French-language rights to the series are held by RDS, the French-language sibling network of TSN, which splits the overall rights to the MLB postseason in French with TVA Sports.

How can I stream the Jays' Wild Card Series in Canada?

Regardless of whether or not you have a cable (or similar TV provider) subscription, streaming will be available through the Sportsnet Now streaming platform, including the website and the Sportsnet app on various mobile and streaming devices.

If you do have a TV service subscription, in almost all cases you should be able to sign in with your TV provider credentials to stream the games through SN Now at no extra charge. You may also be able to stream the series through provider-specific apps for Rogers Ignite, Bell Fibe TV and the like.

If you do not have such a subscription, you can subscribe directly to Sportsnet Now which provides almost all programming carried on the Sportsnet, Sportsnet One, and Sportsnet 360 linear channels for as low as $14.99 per month, or $149.99 annually if you pay in advance for one year of service.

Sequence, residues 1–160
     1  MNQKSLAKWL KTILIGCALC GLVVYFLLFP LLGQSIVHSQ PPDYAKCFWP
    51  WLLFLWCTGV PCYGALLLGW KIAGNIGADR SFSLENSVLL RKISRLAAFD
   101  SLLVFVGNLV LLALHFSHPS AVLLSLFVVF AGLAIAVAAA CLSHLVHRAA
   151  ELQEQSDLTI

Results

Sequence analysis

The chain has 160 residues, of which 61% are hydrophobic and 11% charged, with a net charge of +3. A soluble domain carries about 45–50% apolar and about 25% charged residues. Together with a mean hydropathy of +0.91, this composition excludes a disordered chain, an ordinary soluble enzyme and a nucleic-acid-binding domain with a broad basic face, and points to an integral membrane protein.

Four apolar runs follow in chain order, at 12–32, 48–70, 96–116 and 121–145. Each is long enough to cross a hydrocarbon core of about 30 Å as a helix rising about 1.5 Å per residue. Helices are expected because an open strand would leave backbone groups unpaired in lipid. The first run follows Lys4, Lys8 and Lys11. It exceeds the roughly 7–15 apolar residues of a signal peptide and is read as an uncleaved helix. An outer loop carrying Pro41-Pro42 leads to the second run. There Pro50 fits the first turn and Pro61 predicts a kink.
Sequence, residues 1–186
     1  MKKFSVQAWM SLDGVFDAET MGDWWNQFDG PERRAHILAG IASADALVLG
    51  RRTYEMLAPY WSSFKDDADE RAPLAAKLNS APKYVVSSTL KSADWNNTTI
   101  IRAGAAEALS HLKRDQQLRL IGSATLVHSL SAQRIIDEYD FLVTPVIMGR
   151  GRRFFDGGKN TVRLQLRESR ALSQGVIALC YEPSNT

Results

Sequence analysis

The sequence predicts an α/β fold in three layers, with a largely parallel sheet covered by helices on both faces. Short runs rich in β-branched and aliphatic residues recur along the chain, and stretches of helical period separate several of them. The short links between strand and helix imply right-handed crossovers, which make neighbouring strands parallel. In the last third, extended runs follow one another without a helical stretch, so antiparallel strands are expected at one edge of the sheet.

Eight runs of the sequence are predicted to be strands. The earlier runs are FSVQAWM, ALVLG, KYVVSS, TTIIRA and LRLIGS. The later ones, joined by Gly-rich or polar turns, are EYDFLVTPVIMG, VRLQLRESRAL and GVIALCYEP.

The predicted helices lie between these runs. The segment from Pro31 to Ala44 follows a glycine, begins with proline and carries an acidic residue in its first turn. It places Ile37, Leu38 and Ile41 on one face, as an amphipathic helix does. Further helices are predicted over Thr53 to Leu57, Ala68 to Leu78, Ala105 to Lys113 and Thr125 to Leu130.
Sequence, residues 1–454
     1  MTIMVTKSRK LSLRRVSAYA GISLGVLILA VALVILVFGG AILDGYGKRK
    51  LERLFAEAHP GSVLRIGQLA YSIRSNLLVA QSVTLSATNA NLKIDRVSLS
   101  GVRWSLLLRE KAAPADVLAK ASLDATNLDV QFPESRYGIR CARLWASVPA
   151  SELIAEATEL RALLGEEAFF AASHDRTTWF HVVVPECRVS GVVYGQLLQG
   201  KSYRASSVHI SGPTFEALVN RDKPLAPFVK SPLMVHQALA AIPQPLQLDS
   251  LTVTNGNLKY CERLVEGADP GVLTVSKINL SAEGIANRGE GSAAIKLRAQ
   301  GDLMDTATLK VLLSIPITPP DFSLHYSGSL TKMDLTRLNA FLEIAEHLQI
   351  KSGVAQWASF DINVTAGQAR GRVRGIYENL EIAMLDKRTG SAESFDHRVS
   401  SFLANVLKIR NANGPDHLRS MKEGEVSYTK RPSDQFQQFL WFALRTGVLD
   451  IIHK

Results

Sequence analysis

Who will I hear calling these games in Canada?

As announced on-air by Sportsnet during a late-season game, the Rogers-owned broadcaster will produce its own broadcasts of its postseason games this year, with most of its usual announcing team: Buck Martinez, Pat Tabler, and field-level reporter Hazel Mae. (Dan Shulman, who calls some regular-season Jays games for Sportsnet, has prior postseason commitments to ESPN Radio but will be also calling this series for the U.S. radio audience.)

This differs from many past seasons, where Canadian rightsholders covering the Jays in the postseason, including Sportsnet in 2016, were required to take the American broadcasts under the terms of the MLB broadcast contracts in effect at the time. The setup this time, however, means that the Blue Jays are the only franchise able to have their "local" broadcast team call its postseason games on television.

If Game 3 is necessary and airs as currently scheduled on ABC and Citytv, you should be able to watch that ESPN-produced broadcast with its announcers: Dave Flemming, Jessica Mendoza, Tim Kurkjian, and Coley Harvey. Otherwise, the ESPN coverage will not be available in Canada.

Doesn't ESPN own part of TSN? Can't TSN carry the ESPN coverage?